DJ Zaz hand-picked these nine quintessentially-70’s grooves that are definitely more “jazz funk” than “afro.” In fact, some of them border perilously close to disco! Check out the highlights, though: some fine electric piano from Mal Waldron on the Lafayette Afro-Rock Band’s “Red Match Box;” the short-but-sweet funk of “Pat’s Jam” by Seven Seas; a GREAT guitar solo on “Sweet Lovely Girl” by The 13th Floor; and the AWB-ish funk of “Funky Bafoussam” by Jean-Michel Tim et Foty. If you can appreciate these tracks, then gorge yourself on the full 70’s retro-feast.
Detroit icon Claude Young (aka The Brother from Another Planet) checks in from London this time with an EP on the brand-new Deta label. Five tracks total, but really only two proper tracks and a bit of fiddling. “The Numbers” on Side A is a propulsive, moody, and multi-layered groover, bracketed by a short preample and coda. “Ghost” on Side B is a throbbing slice of dubby, filtered tech-house, followed by a bit of reverse-mastered soundscape to wind up the EP. Overall, this is about as experimental as the dancefloor gets. Sad to note that, like many of Detroit’s greatest, Claude had to go overseas to get this released.
Wimme (“Vim’ -may”) Saari sings in a style known as yoik, a traditional style of unaccompanied singing from Finnish Samiland. But this CD is FAR from traditional. As on his previous (debut) album, Wimme has again collaborated with members of the Finnish ambient techno band RinneRadio to produce a totally compelling hybrid of folk and electronic music. The Samis have strong cultural ties with Native Americans, resulting in a curiously alien-but-familiar quality to the vocals. The opening track is perhaps the most dramatic, featuring shamanic chanting against a backdrop of thudding electronic beats. Other highlights include: the propulsive “Rainbow,” which recalls the sound of a jew’s harp; the aquatic dub of “Destiny;” and the 10-minute ambient opus “Angelica Archangelica.” Scattered throughout the CD are short acapella tracks which serve as a more traditional counterpoint to the experimentation elsewhere. Another stunning release from Wimme.
With only the most tenuous connections to hip hop, this solo album from Anticon’s Jonathan Wolf (aka Why?) further expands the stylistic palette of that adventurous Bay Area collective. It’s a bedroom production that sounds a lot like the softer side of Shimmy Disc in their glory days. Quirky melodies, constipated and otherwise processed vocals, acoustic guitar strumming and oddball samples all mix together to keep things varied and interesting throughout. Programmed beats surface here and there, but mostly the album has a folky tripout vibe, flowing seamlessly through a variety of half-baked and fully-baked ideas.
After leaving The Wailers in the mid-70’s, Bunny Wailer started his own record label and released his first and best solo album, BLACKHEART MAN. This was followed a few years later by BUNNY WAILER SINGS THE WAILERS, a very successful tribute album featuring the rhythm section of Sly & Robbie. DUBD’SCO features the dub versions of both classic albums. Whereas many dub records only feature snippets of the original vocals or none at all, these tracks retain enough to make them recognizable to almost everyone, even those with only a passing interest in reggae. The overall vibe is upbeat and Bunny’s dub production skills are surprisingly strong; every track is a winner.
Not a compilation, but…no, wait…it is a compilation: a limited-edition CD collecting tracks from two previous Fat Cat releases by the Berlin-based Thorsten Profrock, aka “Various Artists.” Here we have the original tracks “8,” “8.5,” and “9,” plus remixes of same by Arovane, Funkstorung, Autechre, Pole, and Monolake. (For the trainspotters, the Autechre remix here is different from the original release, and the Arovane mix was originally released on Din, not Fat Cat.) The original tracks are firmly in the minimal electronic/dub mode of German labels Chain Reaction, Rhythm & Sound, etc., and the remixes are exactly what you might expect from the remixers involved. The Monolake mix in particular is awesome.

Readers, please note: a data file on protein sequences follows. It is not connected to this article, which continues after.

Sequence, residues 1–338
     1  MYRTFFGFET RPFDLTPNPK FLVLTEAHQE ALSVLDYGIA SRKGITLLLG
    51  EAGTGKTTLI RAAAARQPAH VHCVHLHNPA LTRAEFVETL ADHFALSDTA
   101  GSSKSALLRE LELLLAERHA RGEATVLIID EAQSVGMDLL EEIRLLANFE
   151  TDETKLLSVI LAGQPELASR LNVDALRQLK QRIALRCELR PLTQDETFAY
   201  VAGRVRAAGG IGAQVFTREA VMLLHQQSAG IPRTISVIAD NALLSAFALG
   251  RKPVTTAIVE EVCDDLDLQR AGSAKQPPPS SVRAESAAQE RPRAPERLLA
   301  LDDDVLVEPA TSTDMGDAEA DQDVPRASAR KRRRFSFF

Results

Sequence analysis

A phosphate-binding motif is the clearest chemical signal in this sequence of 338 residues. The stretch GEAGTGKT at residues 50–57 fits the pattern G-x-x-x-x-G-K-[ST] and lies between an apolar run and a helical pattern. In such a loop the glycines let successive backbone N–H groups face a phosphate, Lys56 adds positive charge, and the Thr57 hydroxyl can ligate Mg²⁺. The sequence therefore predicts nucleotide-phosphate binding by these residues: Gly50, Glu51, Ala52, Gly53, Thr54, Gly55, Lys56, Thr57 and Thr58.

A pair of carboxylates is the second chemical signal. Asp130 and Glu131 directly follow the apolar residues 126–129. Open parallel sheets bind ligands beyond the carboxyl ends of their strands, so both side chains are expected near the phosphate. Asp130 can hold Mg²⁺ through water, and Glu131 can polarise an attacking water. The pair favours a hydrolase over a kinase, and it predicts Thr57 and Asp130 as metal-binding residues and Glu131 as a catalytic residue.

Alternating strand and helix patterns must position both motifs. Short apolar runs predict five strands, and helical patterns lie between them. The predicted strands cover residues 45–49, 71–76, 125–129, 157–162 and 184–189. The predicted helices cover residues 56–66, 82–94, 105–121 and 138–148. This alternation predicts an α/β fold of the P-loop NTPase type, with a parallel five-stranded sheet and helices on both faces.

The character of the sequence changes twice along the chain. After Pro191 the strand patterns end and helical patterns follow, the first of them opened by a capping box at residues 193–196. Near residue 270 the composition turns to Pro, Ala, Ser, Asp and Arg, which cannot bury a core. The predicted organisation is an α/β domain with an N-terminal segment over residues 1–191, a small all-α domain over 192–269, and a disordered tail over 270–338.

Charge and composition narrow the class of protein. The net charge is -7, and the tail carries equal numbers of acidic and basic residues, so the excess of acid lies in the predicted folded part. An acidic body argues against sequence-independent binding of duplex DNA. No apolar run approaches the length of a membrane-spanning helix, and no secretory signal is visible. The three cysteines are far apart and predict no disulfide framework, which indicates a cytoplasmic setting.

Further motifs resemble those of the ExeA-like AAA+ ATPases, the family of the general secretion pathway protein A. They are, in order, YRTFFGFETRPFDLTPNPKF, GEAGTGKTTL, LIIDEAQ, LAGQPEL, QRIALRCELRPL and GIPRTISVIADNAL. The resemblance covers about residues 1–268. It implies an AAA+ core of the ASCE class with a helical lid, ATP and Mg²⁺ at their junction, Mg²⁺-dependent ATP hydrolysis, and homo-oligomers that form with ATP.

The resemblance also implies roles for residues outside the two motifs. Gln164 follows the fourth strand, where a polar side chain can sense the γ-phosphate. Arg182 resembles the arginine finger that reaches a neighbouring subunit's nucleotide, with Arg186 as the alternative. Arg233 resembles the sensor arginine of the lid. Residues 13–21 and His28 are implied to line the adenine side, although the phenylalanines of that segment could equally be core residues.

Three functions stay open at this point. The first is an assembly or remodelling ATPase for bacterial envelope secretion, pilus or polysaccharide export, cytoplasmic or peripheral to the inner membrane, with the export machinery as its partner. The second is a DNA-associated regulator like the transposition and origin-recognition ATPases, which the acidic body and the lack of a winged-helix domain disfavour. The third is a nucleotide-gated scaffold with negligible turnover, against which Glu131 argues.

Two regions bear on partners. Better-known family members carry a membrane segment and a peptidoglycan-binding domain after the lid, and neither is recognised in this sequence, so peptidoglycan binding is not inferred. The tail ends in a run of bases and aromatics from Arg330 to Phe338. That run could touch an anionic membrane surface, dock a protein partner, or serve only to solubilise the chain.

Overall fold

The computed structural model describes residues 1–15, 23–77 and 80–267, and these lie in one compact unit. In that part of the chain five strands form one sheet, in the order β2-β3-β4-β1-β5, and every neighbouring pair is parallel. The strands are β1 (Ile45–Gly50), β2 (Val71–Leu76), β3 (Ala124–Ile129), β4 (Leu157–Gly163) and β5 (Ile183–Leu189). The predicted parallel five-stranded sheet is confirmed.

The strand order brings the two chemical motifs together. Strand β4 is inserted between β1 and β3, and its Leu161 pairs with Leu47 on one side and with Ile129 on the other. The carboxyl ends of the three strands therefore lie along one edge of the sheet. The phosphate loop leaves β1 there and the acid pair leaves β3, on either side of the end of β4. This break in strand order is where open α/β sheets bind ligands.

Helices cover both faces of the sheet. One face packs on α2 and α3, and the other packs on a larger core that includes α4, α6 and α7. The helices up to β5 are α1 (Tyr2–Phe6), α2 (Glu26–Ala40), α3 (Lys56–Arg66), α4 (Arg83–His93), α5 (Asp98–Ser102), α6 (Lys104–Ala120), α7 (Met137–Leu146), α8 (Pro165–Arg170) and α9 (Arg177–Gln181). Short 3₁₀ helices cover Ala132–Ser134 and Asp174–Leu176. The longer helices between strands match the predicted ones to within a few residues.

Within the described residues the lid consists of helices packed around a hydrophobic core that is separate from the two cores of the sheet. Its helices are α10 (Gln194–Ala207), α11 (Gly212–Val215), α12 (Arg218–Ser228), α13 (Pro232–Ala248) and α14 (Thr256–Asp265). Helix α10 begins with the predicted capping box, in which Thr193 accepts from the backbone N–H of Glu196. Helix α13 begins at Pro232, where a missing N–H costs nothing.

Four solid vocal tracks and two instrumentals await you on this latest EP from the Washington DC-area crew. “Jamboree” is one of the HAPPIEST hip-hop tracks I’ve ever heard, party rappin’ over a jazz swing bed. “Music” and “Track Runners” offer some of their philosophy on the hip hop biz, and “Birth” is a meditative and heartfelt poem to Heard member Asheru’s baby girl. Great stuff!
This latest release on Fat Cat Records comes from a trio out of Dearborn, MI. The A-side is an epic of trance-funk, looping a single guitar riff over and over, at times filtering it and at other times fading it out altogether to reveal a naked underbelly of dub. Throughout, the track is embellished with an occasional instrumental flourish but more significantly with female voices, double-tracked and oh-so- precious. They mumble and they whisper, they sing and they scat, adding just the right amount of off-kilter-ness to the beats. This track made me smile! On the B-side you get two deconstructions (uh, I mean “remixes”) of the original, courtesy of Skye and Two Lone Swordsmen, which are interesting in their own way but, really, it’s the A-side that captured my heart.
Forging their own unique musical path, Germany’s Tied + Tickled Trio blur the boundaries of jazz and electronic music on this outstanding debut album. Spearheaded by Enja recording artist Johannes Enders on tenor saxophone and piano, the five-member trio (plus guests) create moody, layered, jazz soundscapes that owe as much to classic Blue Note as they do to dub and ambient techno. Sampled beats, echo-laden production, and tweeky electronics collide with classic jazz instrumentation on this all-too-short album. Every track is a winner, but “Mutant,” “Nordlied,” and “Constant” earn bonus points for extreme genre confusion. This is truly jazz for the 21st century…an amazing debut.
Acid jazz, much like trip hop, seems to be one of those genre labels that unintentionally demean the style of music it s trying to categorize. So we won t call this acid jazz; how about “60’s-influenced groove jazz?” Whatever you call it, it’s damn fine music from Victor Axelrod, aka Ticklah. Mostly instrumental, with the occasional soundbite and female vocals on one track, this will probably appeal to fans of the Greyboy Allstars or Medeski, Martin and Wood. Highlights include the funky “Toe Foo,” the organ-based “Ray Castoldi World Tour,” the soulful and sample-heavy “Japanese!!!,” and the reggae groove of “Ticklah’s Swing.”